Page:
This planner from Ink and Volt is halfway between a traditional day planner and a productivity planner. It opens with a guided exercise to write out your intentions and goals for the upcoming year, and then, at the start of each month, there’s a place to write your goals for that month and the steps you’ll take to achieve them. The weekly layout is otherwise pretty simple, with giant, rectangular boxes where you can write down tasks or appointments. But this one is great for those who want some hand-holding when it comes to staying accountable to long-term plans but don’t need to be reminded every single day.
If you’re really into goal-setting, or if you have specific, long-term projects you’re trying to accomplish in the calendar year, and need a little bit of help to get there, you’ll probably get into the planners from Melbourne, Australia-based stationery company MiGOALS. It is, admittedly, an intense productivity and goal-setting planner, with a long introduction and exercises to help you narrow your focus. But if you’re committed to planning, doing, and then reviewing your progress every day, this goal planner has all the tools you need to do so effectively.
Best Daily Planners
If you like that gridded style but want a daily diary, rather than a weekly or monthly one, the Hobonichi Techo is a perennial Strategist favorite, used by two of our editors. As Alexis Swerdloff wrote in her initial ode to this cult Japanese notebook, “The leather-bound book is hefty and feels like I’m actually holding something substantial (unlike a Moleskine), while still being incredibly compact: It’s little bit taller than my iPhone 6, and about the width of a Kit Kat.” Each page is for a different day and has light gridding, which suggests order but doesn’t demand it.
If you want to go old-school, or you need a planner that’s exceptionally sturdy, you can always go for a Day-Timer planner. The main advantage of the Day-Timer is that you can use the same binder for years, and it can withstand a lot of wear and tear; you just swap out the pages.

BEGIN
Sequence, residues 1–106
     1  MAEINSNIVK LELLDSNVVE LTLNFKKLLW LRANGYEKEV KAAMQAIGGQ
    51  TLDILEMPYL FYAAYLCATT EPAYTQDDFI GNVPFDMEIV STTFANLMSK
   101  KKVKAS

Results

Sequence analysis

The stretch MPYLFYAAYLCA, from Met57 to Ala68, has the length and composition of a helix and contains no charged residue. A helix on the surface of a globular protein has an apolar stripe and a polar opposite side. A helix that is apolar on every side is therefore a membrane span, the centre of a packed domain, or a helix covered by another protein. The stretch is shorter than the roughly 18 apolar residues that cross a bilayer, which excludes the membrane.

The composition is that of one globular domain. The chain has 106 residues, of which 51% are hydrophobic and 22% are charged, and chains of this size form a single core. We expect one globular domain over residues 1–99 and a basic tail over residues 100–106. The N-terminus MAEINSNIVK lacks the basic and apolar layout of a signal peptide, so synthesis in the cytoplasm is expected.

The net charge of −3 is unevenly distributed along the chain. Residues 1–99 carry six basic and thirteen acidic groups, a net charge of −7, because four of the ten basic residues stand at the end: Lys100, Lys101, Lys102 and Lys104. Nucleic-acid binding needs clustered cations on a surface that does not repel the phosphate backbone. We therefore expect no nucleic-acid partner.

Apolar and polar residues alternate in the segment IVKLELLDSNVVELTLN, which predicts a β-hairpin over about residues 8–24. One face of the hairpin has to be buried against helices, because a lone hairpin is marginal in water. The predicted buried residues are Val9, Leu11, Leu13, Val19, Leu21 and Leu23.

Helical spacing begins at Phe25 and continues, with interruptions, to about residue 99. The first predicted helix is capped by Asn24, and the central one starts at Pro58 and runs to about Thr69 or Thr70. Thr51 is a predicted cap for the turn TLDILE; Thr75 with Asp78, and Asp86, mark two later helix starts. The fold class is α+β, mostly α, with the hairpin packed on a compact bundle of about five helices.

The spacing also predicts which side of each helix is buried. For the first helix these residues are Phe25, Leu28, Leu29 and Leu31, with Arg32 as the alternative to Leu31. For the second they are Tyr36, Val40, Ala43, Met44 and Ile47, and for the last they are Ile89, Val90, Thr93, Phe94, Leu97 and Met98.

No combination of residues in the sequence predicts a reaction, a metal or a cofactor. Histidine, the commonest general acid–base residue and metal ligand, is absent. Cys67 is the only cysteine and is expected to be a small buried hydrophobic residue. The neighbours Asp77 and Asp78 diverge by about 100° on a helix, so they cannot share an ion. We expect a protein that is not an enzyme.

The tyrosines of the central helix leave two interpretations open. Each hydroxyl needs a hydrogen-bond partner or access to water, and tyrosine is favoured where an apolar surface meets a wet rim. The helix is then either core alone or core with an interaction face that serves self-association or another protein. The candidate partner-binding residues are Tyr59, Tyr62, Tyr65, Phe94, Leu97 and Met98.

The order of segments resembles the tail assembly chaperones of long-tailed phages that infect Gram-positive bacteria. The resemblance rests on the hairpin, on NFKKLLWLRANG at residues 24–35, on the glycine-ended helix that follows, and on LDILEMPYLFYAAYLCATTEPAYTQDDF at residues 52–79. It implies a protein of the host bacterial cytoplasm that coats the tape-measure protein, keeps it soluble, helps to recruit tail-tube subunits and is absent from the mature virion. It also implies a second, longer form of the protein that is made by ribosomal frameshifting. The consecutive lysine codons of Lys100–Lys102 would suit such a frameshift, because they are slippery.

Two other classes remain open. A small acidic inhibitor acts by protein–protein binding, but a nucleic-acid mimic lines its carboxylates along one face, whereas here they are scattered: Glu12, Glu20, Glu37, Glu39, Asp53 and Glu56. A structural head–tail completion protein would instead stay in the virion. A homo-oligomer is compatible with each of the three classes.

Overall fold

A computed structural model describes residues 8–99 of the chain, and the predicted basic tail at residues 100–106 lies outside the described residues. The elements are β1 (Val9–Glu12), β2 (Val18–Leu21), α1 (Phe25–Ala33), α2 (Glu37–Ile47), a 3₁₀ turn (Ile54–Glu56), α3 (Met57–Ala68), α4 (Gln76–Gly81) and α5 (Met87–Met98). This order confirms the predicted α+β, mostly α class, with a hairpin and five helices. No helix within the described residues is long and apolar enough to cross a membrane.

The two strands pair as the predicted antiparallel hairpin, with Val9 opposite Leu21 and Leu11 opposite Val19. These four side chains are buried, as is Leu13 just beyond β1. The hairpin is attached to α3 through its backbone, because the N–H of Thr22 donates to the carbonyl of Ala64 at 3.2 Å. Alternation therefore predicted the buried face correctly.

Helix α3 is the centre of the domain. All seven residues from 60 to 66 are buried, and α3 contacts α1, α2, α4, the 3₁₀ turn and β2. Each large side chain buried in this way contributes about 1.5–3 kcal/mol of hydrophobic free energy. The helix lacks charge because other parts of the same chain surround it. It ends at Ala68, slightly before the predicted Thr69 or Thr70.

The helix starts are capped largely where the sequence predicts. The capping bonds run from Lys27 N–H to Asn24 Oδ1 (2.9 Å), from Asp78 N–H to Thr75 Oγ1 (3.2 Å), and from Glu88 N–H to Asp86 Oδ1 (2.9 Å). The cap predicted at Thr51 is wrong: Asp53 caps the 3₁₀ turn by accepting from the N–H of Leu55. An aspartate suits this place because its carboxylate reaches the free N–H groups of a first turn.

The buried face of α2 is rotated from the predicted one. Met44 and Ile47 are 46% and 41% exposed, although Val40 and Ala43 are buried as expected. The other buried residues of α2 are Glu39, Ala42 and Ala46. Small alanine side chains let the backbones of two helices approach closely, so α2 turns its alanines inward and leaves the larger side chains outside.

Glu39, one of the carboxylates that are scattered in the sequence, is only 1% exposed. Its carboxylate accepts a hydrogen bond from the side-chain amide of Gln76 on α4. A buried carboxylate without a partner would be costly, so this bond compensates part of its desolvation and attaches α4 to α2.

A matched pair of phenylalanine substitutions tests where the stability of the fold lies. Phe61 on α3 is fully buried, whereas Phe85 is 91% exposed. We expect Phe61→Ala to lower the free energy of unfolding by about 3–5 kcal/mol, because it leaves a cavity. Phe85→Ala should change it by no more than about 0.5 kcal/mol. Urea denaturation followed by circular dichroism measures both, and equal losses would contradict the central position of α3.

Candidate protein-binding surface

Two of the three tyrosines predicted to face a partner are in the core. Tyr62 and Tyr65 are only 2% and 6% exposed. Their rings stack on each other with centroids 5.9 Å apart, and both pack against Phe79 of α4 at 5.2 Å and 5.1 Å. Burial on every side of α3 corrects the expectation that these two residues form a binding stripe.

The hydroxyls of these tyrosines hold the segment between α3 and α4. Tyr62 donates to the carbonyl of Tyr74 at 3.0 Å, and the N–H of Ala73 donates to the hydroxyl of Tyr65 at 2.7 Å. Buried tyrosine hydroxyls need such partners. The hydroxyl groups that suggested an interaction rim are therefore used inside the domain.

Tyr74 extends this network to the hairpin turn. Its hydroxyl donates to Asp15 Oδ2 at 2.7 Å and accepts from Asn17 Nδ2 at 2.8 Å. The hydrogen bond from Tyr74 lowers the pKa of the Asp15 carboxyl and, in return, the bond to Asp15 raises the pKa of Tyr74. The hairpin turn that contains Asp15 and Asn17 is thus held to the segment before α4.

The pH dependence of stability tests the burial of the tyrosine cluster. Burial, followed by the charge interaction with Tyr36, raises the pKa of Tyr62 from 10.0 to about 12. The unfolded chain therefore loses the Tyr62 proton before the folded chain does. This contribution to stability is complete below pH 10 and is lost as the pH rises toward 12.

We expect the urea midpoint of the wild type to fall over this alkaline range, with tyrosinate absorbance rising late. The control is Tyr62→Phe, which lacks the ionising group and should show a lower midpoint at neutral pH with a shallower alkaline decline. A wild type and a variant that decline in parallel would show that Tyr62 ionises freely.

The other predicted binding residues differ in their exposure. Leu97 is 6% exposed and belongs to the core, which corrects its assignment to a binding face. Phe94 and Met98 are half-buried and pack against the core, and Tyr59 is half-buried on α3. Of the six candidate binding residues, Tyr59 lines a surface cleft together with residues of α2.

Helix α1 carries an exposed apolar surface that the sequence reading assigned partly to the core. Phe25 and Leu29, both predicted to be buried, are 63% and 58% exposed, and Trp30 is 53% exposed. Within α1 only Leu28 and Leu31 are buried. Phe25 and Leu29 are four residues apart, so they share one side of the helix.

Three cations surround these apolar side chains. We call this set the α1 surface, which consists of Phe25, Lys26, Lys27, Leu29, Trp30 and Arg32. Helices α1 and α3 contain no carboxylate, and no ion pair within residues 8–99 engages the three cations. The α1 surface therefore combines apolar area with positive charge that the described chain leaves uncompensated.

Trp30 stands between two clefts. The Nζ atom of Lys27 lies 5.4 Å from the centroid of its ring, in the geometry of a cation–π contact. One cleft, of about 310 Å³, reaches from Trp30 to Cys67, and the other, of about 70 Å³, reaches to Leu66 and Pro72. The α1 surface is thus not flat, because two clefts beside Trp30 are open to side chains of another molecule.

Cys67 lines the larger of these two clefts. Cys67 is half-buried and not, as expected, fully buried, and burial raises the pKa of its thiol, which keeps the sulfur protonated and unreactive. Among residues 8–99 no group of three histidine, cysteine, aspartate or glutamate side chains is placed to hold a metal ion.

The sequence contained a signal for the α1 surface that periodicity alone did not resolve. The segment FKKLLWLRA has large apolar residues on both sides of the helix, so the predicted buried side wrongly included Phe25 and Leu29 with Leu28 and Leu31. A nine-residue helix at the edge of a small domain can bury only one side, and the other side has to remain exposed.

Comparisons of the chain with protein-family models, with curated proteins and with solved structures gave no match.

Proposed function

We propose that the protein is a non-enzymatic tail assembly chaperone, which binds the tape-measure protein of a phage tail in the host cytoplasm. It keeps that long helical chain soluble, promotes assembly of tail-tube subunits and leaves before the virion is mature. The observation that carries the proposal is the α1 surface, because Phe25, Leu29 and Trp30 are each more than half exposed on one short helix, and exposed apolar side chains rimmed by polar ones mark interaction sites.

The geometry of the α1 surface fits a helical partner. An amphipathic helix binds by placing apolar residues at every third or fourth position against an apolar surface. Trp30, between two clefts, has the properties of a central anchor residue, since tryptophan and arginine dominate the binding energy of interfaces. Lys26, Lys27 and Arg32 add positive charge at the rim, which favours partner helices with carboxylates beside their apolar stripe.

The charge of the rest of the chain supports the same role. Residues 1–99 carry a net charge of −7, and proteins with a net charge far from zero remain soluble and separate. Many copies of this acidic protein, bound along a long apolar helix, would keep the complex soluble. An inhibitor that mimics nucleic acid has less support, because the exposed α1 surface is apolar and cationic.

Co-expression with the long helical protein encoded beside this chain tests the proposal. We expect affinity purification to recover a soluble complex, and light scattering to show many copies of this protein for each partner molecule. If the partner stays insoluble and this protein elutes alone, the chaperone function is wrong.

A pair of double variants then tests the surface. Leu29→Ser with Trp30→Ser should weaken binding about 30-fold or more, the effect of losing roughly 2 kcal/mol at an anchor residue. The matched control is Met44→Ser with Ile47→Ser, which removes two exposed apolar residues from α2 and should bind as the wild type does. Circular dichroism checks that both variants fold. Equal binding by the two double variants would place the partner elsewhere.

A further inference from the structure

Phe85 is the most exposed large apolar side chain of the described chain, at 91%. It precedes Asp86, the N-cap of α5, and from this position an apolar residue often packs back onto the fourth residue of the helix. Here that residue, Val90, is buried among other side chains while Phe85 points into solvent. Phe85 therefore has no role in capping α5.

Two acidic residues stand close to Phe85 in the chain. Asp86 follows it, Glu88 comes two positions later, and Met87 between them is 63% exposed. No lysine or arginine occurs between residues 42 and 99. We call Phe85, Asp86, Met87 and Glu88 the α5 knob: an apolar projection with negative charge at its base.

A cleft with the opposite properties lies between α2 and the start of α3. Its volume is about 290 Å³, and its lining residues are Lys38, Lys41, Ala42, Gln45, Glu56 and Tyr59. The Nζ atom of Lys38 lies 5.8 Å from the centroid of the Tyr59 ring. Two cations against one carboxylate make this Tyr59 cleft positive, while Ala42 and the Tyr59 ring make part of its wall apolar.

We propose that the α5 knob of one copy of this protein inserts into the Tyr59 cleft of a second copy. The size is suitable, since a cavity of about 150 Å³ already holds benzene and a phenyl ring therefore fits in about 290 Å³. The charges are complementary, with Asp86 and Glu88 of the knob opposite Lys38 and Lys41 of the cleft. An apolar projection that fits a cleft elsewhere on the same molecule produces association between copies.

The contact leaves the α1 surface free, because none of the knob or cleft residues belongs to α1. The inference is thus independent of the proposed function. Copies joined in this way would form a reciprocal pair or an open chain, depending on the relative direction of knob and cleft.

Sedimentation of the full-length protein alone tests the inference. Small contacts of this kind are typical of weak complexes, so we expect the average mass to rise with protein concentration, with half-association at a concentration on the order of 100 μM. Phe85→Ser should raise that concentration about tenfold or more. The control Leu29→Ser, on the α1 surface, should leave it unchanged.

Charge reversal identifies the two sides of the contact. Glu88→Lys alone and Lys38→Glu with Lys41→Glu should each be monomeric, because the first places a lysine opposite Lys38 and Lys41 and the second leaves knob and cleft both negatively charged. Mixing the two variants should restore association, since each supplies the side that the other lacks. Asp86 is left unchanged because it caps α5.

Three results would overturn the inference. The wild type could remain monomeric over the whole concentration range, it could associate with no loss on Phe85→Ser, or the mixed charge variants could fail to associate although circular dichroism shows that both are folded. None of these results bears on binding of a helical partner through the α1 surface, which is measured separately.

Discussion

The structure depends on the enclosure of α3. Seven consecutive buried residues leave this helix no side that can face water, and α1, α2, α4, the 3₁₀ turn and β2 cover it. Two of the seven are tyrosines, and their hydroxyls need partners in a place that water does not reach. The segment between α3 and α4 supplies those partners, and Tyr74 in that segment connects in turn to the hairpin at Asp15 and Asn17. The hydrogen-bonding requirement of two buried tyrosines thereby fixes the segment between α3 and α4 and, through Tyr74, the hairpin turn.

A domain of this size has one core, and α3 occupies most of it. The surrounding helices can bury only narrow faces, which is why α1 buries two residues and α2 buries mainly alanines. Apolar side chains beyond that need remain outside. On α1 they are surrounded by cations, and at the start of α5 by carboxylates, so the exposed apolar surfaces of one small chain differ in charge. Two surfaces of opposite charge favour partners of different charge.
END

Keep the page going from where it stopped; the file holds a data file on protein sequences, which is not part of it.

Just don’t forget the actual pages you’ll need for the binder.
We were told about Emily Ley’s Simplified Planner by Julie Solomon, branding and marketing consultant and host of The Influencer Podcast, who loves its clean layout. The months are tabbed so they’re easy to find, and each page is for an individual date, with space for both to-do lists and for notes. Other than those two lists, there’s little guidance, so it’s a nice for those who want more space for their handwriting and less printed text but like to keep track of both appointments and tasks on one page.
This planner from Day Designer is marketed to women (and it would actually be great for moms), but its clear, day-to-day layout is nice for anyone with a lot of projects on their plate. Like the Simplified planner, the months are tabbed, so it’s easy to jump from one month to another, and each dated page has a place to put appointments and make a to-do list. Where it gets a little more hardcore is with the guided exercises on every page. At the very top is a little place to write your top three objectives for the day, as well as to take note of your spending habits, and the bottom has a place for you to write down a “Daily Gratitude.” The biggest downside is its size; this daily planner is giant, with large spiral binding, so it’s better to keep on a desk than to lug around in a work bag. But it’s a well-thought-out daily planner with plenty of room for organizing your myriad thoughts and tasks.